RocketSheet's data files are straightforward and easy to administer, even for small trading teams that lack dedicated or full-time support from information technology ("IT") staff. No relational database or database know-how is necessary.
To support traders and other staff using RocketSheet-equipped spreadsheets, the RocketSheet administrator needs to manage only five, simple, text files, each of which resides in the Common Configuration Files ("configs_mpf_mdd") folder. Of these five files, four will change rarely, if ever - the versions of these files that come with RocketSheet should work as-is, without requiring modification unless Bloomberg applicable parts of its MPF specification. The remaining file contains details concerning the instruments for which you publish information and you will likely have need to update it regularly.
Your RocketSheet administrator will manage these files:
This file contains field values and descriptions for page access types from Table 10 ("Page Access Type") of the Bloomberg MPF Specification. You will rarely, if ever, need to update this file.
This file contains field values and descriptions for instrument-identifier sources (e.g., CUSIP or ISIN) from Table 7 ("Identifier Types") of the Bloomberg MPF Specification. You will rarely, if ever, need to update this file.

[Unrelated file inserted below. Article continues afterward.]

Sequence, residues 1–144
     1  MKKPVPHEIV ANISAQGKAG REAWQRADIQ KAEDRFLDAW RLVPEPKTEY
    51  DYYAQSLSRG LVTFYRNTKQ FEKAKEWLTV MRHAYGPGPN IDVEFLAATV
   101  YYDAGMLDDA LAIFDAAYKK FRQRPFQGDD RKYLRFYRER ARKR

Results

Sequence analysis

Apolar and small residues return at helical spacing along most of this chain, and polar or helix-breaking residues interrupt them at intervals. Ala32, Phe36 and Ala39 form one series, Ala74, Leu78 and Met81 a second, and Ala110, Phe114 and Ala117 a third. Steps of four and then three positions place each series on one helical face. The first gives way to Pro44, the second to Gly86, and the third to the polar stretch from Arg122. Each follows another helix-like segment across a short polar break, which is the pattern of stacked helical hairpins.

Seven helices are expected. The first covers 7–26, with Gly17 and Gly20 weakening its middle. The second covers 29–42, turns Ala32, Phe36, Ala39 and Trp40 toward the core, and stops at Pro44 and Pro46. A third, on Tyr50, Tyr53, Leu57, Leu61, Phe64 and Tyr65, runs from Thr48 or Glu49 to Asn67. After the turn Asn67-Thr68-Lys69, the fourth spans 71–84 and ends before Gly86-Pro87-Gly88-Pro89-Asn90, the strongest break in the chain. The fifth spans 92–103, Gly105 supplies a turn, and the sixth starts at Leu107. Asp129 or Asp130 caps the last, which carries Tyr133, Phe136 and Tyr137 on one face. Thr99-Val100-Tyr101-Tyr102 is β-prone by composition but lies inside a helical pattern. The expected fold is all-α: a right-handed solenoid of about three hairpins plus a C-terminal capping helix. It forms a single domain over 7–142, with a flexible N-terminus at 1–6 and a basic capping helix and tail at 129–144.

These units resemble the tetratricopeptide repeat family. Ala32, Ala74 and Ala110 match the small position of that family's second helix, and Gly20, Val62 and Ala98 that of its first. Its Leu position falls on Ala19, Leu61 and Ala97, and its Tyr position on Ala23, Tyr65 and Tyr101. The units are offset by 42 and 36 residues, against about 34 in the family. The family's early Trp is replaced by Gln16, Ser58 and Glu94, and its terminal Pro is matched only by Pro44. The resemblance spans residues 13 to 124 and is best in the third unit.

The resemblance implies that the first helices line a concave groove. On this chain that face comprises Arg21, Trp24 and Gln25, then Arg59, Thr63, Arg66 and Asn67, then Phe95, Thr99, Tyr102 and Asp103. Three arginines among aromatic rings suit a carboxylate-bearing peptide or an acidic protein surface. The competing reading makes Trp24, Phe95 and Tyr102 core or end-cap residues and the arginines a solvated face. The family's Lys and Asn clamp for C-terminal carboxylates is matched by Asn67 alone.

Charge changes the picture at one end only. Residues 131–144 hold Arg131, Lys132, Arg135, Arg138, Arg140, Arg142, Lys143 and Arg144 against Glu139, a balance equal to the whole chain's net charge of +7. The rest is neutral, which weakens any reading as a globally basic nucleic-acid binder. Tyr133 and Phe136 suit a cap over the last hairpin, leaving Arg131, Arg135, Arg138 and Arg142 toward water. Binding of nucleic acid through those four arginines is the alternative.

This file contains field values and descriptions for the instruments for which you will be publishing data to Bloomberg subscribers via MPF or internally via RocketPX Market Data Distributor. Depending upon what instruments you trade and how often they change, this file may require frequent, even intra-day, updates. You may edit the file via RocketSheet's easy-to-use Instruments Manager or directly via Notepad, another text editor, or even Excel.
Note Please read the article "Managing Instruments in RocketSheet" prior to editing the Instruments file.
This file contains user-defined values for market-data sources you use internally for subscription to data streams published via RocketPX Market Data Distributor. You will update this file only when you wish to add a new source or change the identity of an existing source.
This file contains field values and descriptions for record types from Table 1 ("Record Type and Repo Rate IDs") of the Bloomberg MPF Specification.
A comma-separated-values ("CSV") file is a type of text file that serves as a database but is easy for almost anyone to create and maintain. CSV files are commonly used to store tabular data. Of the five files listed above, four are CSV files, as indicated by their ".csv" file extension.
The term "comma-separated-values" refers to the format of the file. Typically, data is stored in rows. The first row usually contains column headings for the tabular data. Each subsequent row in the CSV file normally represents one row (or "record") in the data table. The individual data fields for each record and the column headings themselves (typically in the first row) are separated ("delimited") by a comma.
In addition to being easy to create and maintain, CSV files can be read or "parsed" by computers very quickly.